Hating on Hollywood? I am not. I hope all of you make your way to L.A….on your terms. I’m talking about alternates to following the Old School approach of writing query letters in hopes of getting an agent. Or submitting to endless screenwriting contests in hopes of some Quarterfinal placement that will turn your life around. Is that all you want, a decent placement in the contests?

Look at the top screenwriting contest, Nicholl Fellowship. Look over a list of their Finalist round scripts. How many scripts have actually been made? A miniscule %. The goal in writing the script isn’t a decent placement in the contests…it’s to make the damn thing!

First step is to consider the budget you’re writing at:

As a general thumbnail, if it’s 10+ million budget it’s probably a Studio movie. 1-10 million is Indy. Both of these are categorized by the endless trudging across the snowy tundra of seeking OPM–Other People’s Money. You can’t control the process if you’re perpetually searching for, or under the thumb of, outside monied interests. There is a third option, however….

MICRO. What’s Micro-Budget? I would suggest that micro-budget is whatever you can pull out of your own pocket. Be it $500 bucks or $500,000—if the budget of your movie comes 100% from you, family and friends, if it’s controlled by YOU exclusively, it’s micro.

How do you write a micro-budget movie? Adhere to some basics:

-Limit locations

-Limit characters

-Limit sfx & stunts

-Write for low budget genres that sell

-Write longer dialogue scenes

-Write for a realistic budget

-Write locations & resources available to you

-Beware over-reliance on post-production digital solutions

-Beware writing in weather conditions and seasonal issues(i.e. snow, rain)

-Beware casting children, animals

-Beware exterior night shots, special prop or makeup needs.


This is how you start. Conceive a movie that could be made on micro-budget. Outline it, never forgetting the common sense rules above. Write the thing, get some notes from your inner circle, and rewrite it. Make it tight as possible.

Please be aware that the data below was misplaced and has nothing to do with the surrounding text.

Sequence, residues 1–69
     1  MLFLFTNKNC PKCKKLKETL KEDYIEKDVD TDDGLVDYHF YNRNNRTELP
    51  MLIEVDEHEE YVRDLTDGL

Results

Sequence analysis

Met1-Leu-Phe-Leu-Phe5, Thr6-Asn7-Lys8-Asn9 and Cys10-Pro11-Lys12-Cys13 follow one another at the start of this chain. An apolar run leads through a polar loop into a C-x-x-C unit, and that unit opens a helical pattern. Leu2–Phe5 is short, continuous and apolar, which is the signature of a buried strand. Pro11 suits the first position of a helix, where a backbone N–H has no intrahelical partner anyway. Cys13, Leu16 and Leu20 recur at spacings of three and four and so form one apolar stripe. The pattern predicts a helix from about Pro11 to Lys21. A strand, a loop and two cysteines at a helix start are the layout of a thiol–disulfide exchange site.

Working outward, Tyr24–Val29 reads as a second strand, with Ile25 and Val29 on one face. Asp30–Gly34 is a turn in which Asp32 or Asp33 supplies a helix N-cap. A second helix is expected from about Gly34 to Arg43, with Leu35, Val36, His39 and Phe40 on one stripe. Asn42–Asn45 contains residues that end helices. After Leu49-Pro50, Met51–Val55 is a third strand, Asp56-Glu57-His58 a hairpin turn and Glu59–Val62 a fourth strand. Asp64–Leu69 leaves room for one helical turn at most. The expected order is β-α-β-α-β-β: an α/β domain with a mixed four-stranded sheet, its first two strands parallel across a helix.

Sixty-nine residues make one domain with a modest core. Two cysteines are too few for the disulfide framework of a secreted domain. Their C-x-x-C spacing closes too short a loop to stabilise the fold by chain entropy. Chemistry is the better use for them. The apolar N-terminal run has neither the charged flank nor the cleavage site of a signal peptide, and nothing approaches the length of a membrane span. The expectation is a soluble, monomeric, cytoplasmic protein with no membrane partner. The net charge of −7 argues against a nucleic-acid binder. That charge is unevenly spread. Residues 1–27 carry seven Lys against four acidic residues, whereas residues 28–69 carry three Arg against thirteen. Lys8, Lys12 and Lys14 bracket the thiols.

This whole time you should be doing something else, too—developing a network of people who can help make this script happen. That means networking within your film-making community. Going to events and other people’s films, meeting DP’s, Production Designers, Editors, and other filmmakers who are just starting out. Sure, it helps to be in L.A. to network but it’s not exclusive to L.A. There are a dozen organizations here in Chicago like Chicago Filmmakers that help connect and support you in your efforts. Take classes there, network, and get educated.

Learn, too, about the mechanisms in place to help you raise money. Places like Kickstarter and IndyGoGo help thousands of grass-roots DIY efforts get off the ground. They are responsible for a $25,000 dollar campaign that my own production team ran for our current project, CHAT. More on this later…

Find the budget through Kickstarter, through family and friends, or your own resources. If the script is written with Micro-Budget in mind, this is absolutely within your reach. “Story is free,” as John August has instructed.

So, you’ve got the script, got the budget, got the crew and production schedule….

You can do this is Idaho, swear to God! You can do it in Iowa and Ohio! It’s-do-able outside L.A., and here’s the proof: